Leading Article: Cambodia's test of United Nations' effectiveness

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The Independent Online
IN JUST two weeks' time Cambodia goes to the polls. Under the October 1991 Paris peace settlement, these elections were to represent the final stage in an internationally brokered transition from civil war to democratic government, as well as providing triumphant evidence of the United Nations' new effectiveness. Instead, after the UN's biggest and most costly peacekeeping operation, Cambodia is sliding back into violence and instability.

Already a chorus of 'I told you so' is heard from those who thought it unrealistic to trust the Khmer Rouge - under whose regime in the Seventies more than 1 million people died - as a party to any peace settlement. The peace plan's foundations have been collapsing since last June, when the Khmer Rouge opted out of troop demobilisation.

The UN exercise has not been wholly abortive. The 370,000 refugees on the Thai border have been repatriated, roads have been cleared of mines and some 4.7 million eager voters have registered. The peace plan drove a wedge between the Khmer Rouge and China, its main backer, and Japanese troops for the first time took their place in a UN peacekeeping mission.

But even before the political plan was derailed, a price was being paid. All four Cambodian factions have made logging deals that have destroyed much of the country's forest cover and threaten to create long-term environmental damage; the sudden influx of foreign money has pushed up inflation and spawned rampant corruption; and with the foreign businessmen and UN peacekeepers came prostitution and Aids.

The worst blow, however, was the Khmer Rouge's recent announcement that it would not participate in the elections. The violence, including murderous attacks on ethnic Vietnamese civilians, had already started, and in the past few weeks Khmer Rouge soldiers have launched a campaign to disrupt the polls. UN officers and election workers have been killed and civilians attacked.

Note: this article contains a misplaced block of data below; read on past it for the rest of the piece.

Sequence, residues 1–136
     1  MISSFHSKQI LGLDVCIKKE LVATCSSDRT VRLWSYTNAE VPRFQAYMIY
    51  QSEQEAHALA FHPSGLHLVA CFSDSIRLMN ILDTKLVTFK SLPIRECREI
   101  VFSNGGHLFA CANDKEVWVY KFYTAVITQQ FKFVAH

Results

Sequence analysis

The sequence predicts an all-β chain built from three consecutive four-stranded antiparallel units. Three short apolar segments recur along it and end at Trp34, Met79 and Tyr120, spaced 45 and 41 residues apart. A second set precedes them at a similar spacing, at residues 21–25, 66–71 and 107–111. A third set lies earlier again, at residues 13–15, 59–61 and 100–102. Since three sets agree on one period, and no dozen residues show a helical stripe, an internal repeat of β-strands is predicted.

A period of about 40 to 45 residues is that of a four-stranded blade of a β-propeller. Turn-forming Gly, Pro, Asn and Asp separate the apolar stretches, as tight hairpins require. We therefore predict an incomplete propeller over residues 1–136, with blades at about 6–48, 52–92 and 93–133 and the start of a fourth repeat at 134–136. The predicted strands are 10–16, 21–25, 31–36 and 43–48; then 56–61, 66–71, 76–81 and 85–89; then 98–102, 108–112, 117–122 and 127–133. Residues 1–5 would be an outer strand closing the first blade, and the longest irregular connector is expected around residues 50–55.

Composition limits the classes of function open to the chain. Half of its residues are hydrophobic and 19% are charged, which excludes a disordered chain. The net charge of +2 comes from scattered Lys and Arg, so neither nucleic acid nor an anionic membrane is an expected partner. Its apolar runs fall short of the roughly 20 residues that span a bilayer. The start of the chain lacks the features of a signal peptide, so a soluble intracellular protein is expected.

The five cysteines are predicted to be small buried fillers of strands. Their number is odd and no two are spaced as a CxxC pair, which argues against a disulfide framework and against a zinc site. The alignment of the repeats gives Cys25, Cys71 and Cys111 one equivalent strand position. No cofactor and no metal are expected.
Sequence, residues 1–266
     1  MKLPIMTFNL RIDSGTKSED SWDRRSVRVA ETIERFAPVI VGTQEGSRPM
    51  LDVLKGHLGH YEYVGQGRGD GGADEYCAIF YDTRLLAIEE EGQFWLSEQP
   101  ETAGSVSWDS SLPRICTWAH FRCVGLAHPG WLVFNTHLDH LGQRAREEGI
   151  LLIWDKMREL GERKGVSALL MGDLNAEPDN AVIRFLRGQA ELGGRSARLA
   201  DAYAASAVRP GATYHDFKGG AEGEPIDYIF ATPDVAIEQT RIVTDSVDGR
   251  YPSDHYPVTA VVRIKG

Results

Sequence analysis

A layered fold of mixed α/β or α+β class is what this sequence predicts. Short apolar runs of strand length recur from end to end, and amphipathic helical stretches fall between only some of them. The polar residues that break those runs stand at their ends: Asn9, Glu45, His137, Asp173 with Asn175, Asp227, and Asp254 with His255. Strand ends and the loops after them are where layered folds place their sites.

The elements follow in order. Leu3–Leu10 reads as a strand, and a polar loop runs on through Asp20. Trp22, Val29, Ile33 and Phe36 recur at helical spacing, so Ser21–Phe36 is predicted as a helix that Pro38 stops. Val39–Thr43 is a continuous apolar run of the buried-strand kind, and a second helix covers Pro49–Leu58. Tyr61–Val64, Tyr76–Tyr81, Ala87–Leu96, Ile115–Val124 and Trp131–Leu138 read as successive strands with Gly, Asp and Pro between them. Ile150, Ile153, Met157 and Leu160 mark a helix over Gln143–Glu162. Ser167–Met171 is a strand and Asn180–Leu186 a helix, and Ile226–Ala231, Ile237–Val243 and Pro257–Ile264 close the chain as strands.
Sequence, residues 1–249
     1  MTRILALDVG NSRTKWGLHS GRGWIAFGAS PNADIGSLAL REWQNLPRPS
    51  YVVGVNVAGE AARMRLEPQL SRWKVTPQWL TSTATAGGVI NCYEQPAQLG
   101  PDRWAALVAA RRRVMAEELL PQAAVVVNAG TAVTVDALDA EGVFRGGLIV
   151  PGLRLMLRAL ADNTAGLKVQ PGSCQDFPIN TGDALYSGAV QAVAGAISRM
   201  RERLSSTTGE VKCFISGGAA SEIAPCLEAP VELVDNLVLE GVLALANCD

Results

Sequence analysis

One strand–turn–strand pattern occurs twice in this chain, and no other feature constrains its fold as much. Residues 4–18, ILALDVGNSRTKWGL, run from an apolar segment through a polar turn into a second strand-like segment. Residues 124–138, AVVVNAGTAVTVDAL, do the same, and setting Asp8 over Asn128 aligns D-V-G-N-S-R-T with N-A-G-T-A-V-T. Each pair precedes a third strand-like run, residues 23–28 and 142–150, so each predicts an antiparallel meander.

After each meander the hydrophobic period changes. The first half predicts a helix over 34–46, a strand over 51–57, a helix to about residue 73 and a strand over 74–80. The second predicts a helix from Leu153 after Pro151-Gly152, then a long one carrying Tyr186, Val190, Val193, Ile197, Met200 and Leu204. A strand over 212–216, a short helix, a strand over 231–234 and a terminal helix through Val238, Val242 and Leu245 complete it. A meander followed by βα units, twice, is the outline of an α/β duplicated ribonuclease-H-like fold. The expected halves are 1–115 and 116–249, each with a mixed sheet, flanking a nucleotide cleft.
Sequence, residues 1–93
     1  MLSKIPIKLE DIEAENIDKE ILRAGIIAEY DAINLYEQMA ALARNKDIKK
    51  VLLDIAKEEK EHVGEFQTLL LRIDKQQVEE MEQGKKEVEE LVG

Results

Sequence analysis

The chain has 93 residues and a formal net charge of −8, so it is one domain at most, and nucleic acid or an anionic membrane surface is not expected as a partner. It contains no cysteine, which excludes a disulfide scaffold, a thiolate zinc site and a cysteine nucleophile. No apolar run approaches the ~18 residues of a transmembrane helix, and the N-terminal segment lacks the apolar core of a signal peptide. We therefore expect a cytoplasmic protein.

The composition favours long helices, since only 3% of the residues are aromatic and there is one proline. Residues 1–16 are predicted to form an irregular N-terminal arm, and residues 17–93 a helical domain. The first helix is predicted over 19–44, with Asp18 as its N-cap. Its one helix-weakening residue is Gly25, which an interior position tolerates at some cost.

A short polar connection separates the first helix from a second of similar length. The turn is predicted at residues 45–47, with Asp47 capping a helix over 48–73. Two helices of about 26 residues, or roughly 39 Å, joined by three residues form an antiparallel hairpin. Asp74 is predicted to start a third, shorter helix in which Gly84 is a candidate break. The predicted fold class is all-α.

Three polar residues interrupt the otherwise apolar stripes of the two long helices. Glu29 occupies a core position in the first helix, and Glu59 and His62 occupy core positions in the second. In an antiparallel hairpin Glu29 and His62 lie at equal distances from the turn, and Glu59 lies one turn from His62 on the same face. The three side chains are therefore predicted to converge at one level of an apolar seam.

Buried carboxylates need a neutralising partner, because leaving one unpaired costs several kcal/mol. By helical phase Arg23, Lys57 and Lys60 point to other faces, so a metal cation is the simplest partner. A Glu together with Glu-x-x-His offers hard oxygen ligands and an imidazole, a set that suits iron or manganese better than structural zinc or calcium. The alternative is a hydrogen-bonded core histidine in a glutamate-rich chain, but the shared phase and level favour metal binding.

The Khmer Rouge has no monopoly of wrong-doing, however. Human rights activists and rival parties critical of the Phnom Penh government have been attacked, and none of the main factions has spoken out against the killings of ethnic Vietnamese.

The best hope seems to be that the elections will yield a coalition government of non-Khmer Rouge parties, strong enough to contain a long-term, low-level guerrilla war. Cambodia will have an internationally recognised government and the Khmer Rouge will be more isolated from the world than ever before.

But with the Khmer Rouge already rich on the profits of timber and gems, and neighbouring Thailand unwilling to police any sanctions, the country could revert to full-scale civil war. The Khmer Rouge is a Cambodian phenomenon and will not go away. That was always the strongest argument for trying to include it in a peace deal.

For a UN facing decisions about Bosnia, there is a moral: even with a signed peace settlement in hand and the best intentions, it cannot keep the peace, let alone make a lasting peace, in a country that does not have a national will for peace.